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The Alliance Alive
Game Reviews

The Alliance Alive

A fun adventure not bogged down by endless grinding and dour storytelling.

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The JRPG genre has been kind to me, I have fond memories of playing various series and imaging all the adventures I went on with my friends and creatures – and friendly creatures. So any chance to break out the 3DS and go exploring is a welcome change, and The Alliance Alive is that rare title I’ve been able to give proper time and it absolutely charmed me from beginning to end. It doesn’t break the mold, but it also doesn’t weigh the adventure down with endless leveling and angst-riddled plots.

The story begins thus: 1,000 years ago a dark chaos enveloped the world and nearly wiped out humanity. Referred to as the “Dark Current”, it left behind only isolated civilizations and scattered factions. The Daemons fretted about this new chaos, taking over and sanctioning off each area into its own realm. Humans are still alive, but they’re second-class citizens compared to their Daemon overlords who are the ultimate rulers of this new universe.

via GIPHY

The leveling system isn’t like a classic JRPG where getting to a higher level means every ability becomes stronger. Alliance rewards using the same attacks and abilities frequently while also giving you points that can be used to upgrade just about anything your character is able to learn. Experience and usage makes some weapons and abilities stronger the more you use them, too. A sword swipe does 28 damage? Keep using it and soon it’ll increase to 30, 40, etc.

Alliance allows you to control up to nine different characters, each with various abilities that range from the classic sword and shield archetype to healer companion lobbing fireballs at every enemy in sight. You can build them up however you want by making them learn new abilities or keep improving ones they know already. You’re rewarded for playing how you want too, not how the games tell you. Personalities, on the other hand, can feel hit-or-miss. You’ll start playing with a mercenary, though it’s annoying how he goes along with anything his female companion says instead of pointing out the common sense of their situation.

Later on, however, I found myself falling in love with eccentric beastfolk women with a love of books and traveled to another realm to meet a scientist. Literary beastfolk women always make my day!

The battle system might be a deal breaker for some and even I’ll admit it can feel “grindy” after a few hours, but that’s what we’re working with. At least the world allows you some sense of freedom, meaning you don’t necessarily have to focus on a linear storyline. Feel like fighting monsters instead of delivering a package? Step out in the field and run at the weird shadowy creatures running around and build up your strength! You have a chance of earning coins and items alongside gaining extra points, so there’s an incentive to keep battling out in the field.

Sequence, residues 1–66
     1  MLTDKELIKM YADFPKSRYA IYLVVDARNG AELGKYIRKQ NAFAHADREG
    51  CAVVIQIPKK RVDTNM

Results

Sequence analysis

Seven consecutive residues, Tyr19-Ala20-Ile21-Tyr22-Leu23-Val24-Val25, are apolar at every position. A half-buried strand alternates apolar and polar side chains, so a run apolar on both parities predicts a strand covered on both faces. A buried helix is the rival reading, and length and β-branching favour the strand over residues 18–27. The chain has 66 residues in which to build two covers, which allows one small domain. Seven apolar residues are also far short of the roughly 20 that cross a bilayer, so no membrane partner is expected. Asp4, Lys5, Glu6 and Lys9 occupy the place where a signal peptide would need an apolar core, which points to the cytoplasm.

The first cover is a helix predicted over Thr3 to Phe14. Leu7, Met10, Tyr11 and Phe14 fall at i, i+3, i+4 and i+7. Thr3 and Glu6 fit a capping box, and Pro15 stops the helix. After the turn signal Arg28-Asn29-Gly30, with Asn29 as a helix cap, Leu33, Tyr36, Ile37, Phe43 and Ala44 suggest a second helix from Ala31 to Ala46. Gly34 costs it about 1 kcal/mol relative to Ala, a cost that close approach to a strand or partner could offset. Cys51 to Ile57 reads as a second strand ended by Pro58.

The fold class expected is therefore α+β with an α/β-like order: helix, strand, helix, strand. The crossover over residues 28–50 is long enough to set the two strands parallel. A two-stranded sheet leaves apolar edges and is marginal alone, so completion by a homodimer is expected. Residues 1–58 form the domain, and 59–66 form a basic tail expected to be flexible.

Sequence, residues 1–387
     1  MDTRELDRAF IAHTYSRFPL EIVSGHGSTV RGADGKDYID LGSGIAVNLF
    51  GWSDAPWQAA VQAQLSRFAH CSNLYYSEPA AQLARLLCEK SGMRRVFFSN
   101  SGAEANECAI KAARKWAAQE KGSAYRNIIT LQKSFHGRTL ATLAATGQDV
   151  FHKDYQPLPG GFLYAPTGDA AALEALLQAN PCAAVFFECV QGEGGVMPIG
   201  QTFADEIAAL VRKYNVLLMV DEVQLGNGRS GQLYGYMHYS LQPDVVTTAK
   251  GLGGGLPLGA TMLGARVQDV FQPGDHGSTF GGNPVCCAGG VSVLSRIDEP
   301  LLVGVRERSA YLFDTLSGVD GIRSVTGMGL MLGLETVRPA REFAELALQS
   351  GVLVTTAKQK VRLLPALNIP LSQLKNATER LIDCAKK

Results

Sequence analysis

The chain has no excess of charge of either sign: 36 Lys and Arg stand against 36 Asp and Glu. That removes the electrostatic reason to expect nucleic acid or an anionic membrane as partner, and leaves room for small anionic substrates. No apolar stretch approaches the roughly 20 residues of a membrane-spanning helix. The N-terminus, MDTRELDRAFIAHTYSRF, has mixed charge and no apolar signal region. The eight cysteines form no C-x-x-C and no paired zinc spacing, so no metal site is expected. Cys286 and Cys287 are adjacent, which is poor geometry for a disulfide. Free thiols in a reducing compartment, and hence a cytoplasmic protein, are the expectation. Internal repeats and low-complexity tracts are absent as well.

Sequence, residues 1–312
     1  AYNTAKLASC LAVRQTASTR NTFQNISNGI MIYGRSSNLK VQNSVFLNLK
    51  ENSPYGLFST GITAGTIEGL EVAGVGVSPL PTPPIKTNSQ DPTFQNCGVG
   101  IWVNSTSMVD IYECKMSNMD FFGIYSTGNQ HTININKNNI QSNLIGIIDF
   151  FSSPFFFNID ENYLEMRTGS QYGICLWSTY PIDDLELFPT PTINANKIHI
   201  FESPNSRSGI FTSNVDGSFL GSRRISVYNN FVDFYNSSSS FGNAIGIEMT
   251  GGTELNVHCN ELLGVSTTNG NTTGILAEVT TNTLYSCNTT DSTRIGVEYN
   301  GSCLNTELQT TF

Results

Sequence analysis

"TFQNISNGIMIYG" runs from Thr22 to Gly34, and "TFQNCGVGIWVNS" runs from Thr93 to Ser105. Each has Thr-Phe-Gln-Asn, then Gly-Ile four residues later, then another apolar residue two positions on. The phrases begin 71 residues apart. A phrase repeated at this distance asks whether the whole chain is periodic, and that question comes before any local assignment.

Exploring the world of Alliance feels mixed since you’re either running around in an open field or finding your path blocked by a large body of water. In later levels you’ll have access to devices that let you further explore the world like being able to glide between mountains or walk in lava with a giant robotic duck.

A neat touch is that during adventuring you’ll also have access to guard towers which can be real lifesavers when activated in battle. Eventually you’re able to build your own at key locations throughout each map you explore, giving you a real edge during some of the more intense fights.

Despite some of the questing and familiar tropes there were plenty of moments in the game that really surprised me. At one point I entered a cave looking for treasure and encountered three monsters, the first being a “child” and the other two called, appropriately, “Mommy” and “Daddy”. There wasn’t any explanation about who they were or what they were doing with a chest, but I had the option of leaving the treasure in the cave. Even though I beat them and retrieved my prize (of course!) the encounter left me with a sense of guilt, as if I had “stolen” from someone.

If you’re hungry for a classic JRPG experience with decent visuals and a story that keeps you interested throughout, The Alliance Alive delivers on all fronts. Yes, the terrain is pretty flat and seeing the same monsters over and over can get repetitive, but overall it’s a good experience. For people who don’t mind spending a few hours leveling characters and building up stats, you’ll find this to be a nice addition to your JRPG collection.

About the Author: Nia Bothwell